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Justice, Till 18 Years Do Us Part

April 12, 2010

Recognizing that the Supreme Court is a political body, that its members are appointed with a great deal of consideration given to their political views, that their appointments become part of the political reality of the time of their nominations, the current convention of life tenure for justices unjustifiably distorts their relationship with our democracy and should be changed. A 18-year term would end or mitigate many of the current negative consequences of the current system while having few drawbacks.

The Constitution states that Justices “shall hold their Offices during good Behaviour” which has generally been interpreted as life tenure but the practical reality of life has changed markedly since the Constitution was written. Between 1821 and 1970, the average tenure of justices varied between 12 and 20 years. From 1970 to 2006, the average tenure was 26 years. Between 1994 and 2005, there were no appointments to the Supreme Court.

The unpredictable nature of Supreme Court vacancies makes the resulting appointment process more partisan and more disruptive to the political process. Because Congress and the President do not know the next time a position will open and because any confirmed justice can be expected to serve a quarter century, the consequences of any given nomination cannot be reliably ascertained and, as a result, the justifiable political capital expended on any given nomination is also without ascertainable limits. That is not to say that political capital shouldn’t be spent on Supreme Court nominations – it should – but the current system exacerbates the polarization of our political environment, encouraging senators and other politicians to liken the nomination of any given candidate as the penultimate step to a theocratic or Soviet dictatorship (take your pick). By making nominations predictable and relatively common, 18-year terms would eliminate the shock that accompanies the current nomination process. If the political parties knew that they would also be able to appoint justices the next time they controlled the presidency, and that they could expect their opposition to respond in kind to whatever obstructive tactics they used, the parties would be much more reticent to wage the all-out battles that are now the norm.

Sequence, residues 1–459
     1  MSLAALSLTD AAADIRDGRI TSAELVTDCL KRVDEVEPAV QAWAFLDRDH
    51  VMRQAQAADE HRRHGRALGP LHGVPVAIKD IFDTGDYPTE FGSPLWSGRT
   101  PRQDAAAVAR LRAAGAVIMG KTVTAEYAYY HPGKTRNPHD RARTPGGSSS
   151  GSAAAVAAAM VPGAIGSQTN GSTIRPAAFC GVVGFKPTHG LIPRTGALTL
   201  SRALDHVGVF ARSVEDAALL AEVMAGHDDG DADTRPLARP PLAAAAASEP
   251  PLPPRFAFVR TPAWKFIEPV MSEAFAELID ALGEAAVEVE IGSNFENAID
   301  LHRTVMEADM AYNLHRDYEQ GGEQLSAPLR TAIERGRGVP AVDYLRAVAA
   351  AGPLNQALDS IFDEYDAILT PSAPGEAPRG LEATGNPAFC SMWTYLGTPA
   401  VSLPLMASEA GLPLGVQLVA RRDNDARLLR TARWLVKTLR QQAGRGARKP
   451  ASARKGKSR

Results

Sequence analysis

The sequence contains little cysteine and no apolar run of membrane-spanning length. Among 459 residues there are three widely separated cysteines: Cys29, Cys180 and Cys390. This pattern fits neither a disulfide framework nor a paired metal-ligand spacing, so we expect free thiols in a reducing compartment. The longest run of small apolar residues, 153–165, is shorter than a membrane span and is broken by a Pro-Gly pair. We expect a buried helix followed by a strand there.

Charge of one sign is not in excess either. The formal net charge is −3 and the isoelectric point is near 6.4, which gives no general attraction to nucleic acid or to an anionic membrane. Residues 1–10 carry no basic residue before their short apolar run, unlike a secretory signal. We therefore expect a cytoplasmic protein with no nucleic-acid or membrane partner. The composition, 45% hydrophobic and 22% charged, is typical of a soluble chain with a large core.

Life tenure also encourages the nomination of younger candidates and discourages the selection of candidates without a perfect bill of health. Those two factors have nothing to do with how well qualified any candidate is to serve on the Court and their importance in nominations is therefore either neutral or negative (except perhaps in the unlikely case deference to age or experience would have resulted in the selection of an older but less able justice). An 18-year term would reduce the incentive to nominate younger candidates and would also avoid the continued service of a justice whose health has deteriorated.

A limited term would also eliminate the potential for justices to game the nomination system, as some Justices retire only when they know the current president will appoint a replacement acceptable to them. I’d assert that it is not coincidence that Justice Souter, whose dislike of Washington, DC was widely known, especially after the Gore v. Bush ruling, waited to retire until a Democrat was President. This is, of course, to be expected given the political nature of the Court. However, it has the effect of removing the Court further from the Democratic process and creates the potential monopoly of seats by one party. In fact, until the nominations of Justices Breyer and Ginsburg, 8 out of 9 justices had been appointed by Republicans, a result of that party’s success in recent presidential contests but one that reflects President Carter’s lack of opportunity to

The regular and regimented appointment of Supreme Court Justices will bring them closer to the citizenry, in a good way. The Supreme Court has a significant effect on our daily lives. They shouldn’t be a mythical brotherhood of oracles. They should be our Justices.

In the course of writing this post, I’ve read more widely on the subject and encountered more convincing arguments in favor of life tenure than the ones I was previously aware of. Since I’ve been writing about this for a few days and would rather be done with it than incorporate those valid criticisms, I’ll link to this SCOTUS Blog post which summarizes many of those points.

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